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Netanyahu caves, nominates Gantz for justice minister

After being reprimanded yesterday both by Attorney General Avichai Mandelblit and the High Court, Prime Minister Benjamin Netanyahu has nominated Defense Minister Benny Gantz to take on the Justice Ministry as well.
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After long months of opposition and dramatic moves at yesterday's cabinet meeting, Prime Minister Benjamin Netanyahu nominated Blue and White leader Benny Gantz for justice minister in the transitional government. The nomination was approved in phone calls with the cabinet ministers. Netanyahu also pledged to nominate permanent communication, science, water resources, higher education and social equality ministers for government approval on Sunday.

In a statement published earlier in the day by his office, Netanyahu said that he had legal arguments against the High Court and against Attorney General Avichai Mandelblit's treatment of his previous moves on the issue.

"The prime minister has submitted a detailed response to the High Court that completely rejects the argument that yesterday's vote in the cabinet was against the law. However, after the prime minister's proposals for a compromise were also rejected, and in order to get out of the deadlock and allow the necessary activities of the Justice Ministry to resume, the prime minister decided to appoint Benny Gantz as justice minister of the transitional government," read the statement.

Responding to the court, Netanyahu argued that he is authorized to appoint a justice minister and that the court and the attorney general aren’t a “super-government.” The court is “blocking the appointment of a vital minister and leading the system to a dead end,” he stated.

The justice portfolio became an issue of dispute between Netanyahu and Gantz last December, when Blue and White senior Avi Nissenkorn resigned from the position of justice minister. The unity agreement signed last May between Netanyahu’s Likud and Gantz’ Blue and White Party stipulated the establishment of a joint cabinet, with the same number of ministerial portfolios for each bloc, at the discretion of both leaders. With that in view, Gantz nominated himself to temporarily replace Nissenkorn on top of his defense portfolio.

Netanyahu resented the move. Analysts pointed out that with the legal problems Netanyahu faces, the prime minister was particularly concerned over the identity of the justice minister.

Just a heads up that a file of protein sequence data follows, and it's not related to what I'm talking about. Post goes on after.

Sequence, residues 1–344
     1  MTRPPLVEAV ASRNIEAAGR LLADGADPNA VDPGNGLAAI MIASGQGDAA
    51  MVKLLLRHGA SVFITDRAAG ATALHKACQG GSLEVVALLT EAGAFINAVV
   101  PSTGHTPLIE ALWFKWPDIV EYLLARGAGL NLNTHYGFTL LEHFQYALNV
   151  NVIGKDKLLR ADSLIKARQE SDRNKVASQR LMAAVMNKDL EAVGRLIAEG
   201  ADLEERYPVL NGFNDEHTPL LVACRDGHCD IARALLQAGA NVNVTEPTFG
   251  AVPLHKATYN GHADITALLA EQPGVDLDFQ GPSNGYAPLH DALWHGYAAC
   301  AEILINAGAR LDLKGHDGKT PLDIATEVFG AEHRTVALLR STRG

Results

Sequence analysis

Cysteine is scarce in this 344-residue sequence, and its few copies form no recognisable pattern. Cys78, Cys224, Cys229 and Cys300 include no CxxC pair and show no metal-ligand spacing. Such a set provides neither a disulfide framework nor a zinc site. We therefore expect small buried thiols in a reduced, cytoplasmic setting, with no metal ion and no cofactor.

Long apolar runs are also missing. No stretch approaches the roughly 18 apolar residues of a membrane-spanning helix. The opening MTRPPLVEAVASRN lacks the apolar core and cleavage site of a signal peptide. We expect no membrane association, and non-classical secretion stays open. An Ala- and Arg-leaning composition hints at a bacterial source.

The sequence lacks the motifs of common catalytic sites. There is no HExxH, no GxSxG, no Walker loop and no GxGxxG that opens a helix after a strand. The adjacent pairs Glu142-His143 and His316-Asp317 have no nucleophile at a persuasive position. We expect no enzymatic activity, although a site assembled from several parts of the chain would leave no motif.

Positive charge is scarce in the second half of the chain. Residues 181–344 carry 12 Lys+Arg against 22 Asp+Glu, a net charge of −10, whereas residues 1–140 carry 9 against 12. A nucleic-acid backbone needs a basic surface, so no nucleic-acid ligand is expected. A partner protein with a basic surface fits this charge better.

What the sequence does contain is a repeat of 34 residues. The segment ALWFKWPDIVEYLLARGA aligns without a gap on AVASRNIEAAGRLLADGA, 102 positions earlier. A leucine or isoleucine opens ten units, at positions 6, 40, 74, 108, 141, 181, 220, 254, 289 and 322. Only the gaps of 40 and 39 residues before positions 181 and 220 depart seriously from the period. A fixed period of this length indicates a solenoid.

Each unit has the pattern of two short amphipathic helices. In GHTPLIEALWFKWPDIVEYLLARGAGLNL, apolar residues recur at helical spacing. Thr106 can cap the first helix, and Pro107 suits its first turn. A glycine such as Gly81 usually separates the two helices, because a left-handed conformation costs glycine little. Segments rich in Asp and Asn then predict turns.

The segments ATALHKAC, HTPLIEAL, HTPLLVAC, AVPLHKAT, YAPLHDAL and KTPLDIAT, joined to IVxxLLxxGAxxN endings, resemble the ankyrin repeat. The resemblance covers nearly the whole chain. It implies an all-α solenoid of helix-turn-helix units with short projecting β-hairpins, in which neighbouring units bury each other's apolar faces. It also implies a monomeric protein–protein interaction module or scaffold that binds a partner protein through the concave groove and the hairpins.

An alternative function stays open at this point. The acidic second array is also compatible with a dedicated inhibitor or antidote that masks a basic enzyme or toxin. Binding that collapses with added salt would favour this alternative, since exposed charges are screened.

The issue became crucial after the March 23 elections. Mandelblit made it clear that a permanent justice minister must be appointed, as this position is especially sensitive in a transition period. Mandelblit made the same demand for other temporary portfolios, such as the minister responsible for water resources, science minister and social equality minister. Legally, however, these positions became vacant upon elections, thus leaving several ministries without a head in the transitional government.

Similarly, the High Court ordered the government to appoint permanent ministers to serve in the transitional cabinet while coalition talks advance, warning against a political vacuum.

Netanyahu proposed his own candidate for the position yesterday, nominating Likud Knesset member Ofir Akunis as justice minister in a surprise move. Mandelblit, who was present at the cabinet meeting, warned Netanyahu that such a vote would be illegal. He explained that the unity agreement between the Likud and Blue and White was anchored (by Likud and Blue and White’s own initiative) as a quasi-constitutional Basic Law and therefore the right to propose a candidate belongs to the Blue and White bloc. Netanyahu ignored the warning and went ahead with the vote.

The High Court temporarily froze Akunis' appointment, siding with Mandelblit. It will reconvene this afternoon on the issue, rejecting Netanyahu’s demand for more time to appoint a new justice minister. Netanyahu’s announcement appointing Gantz came less than two hours before the scheduled session.

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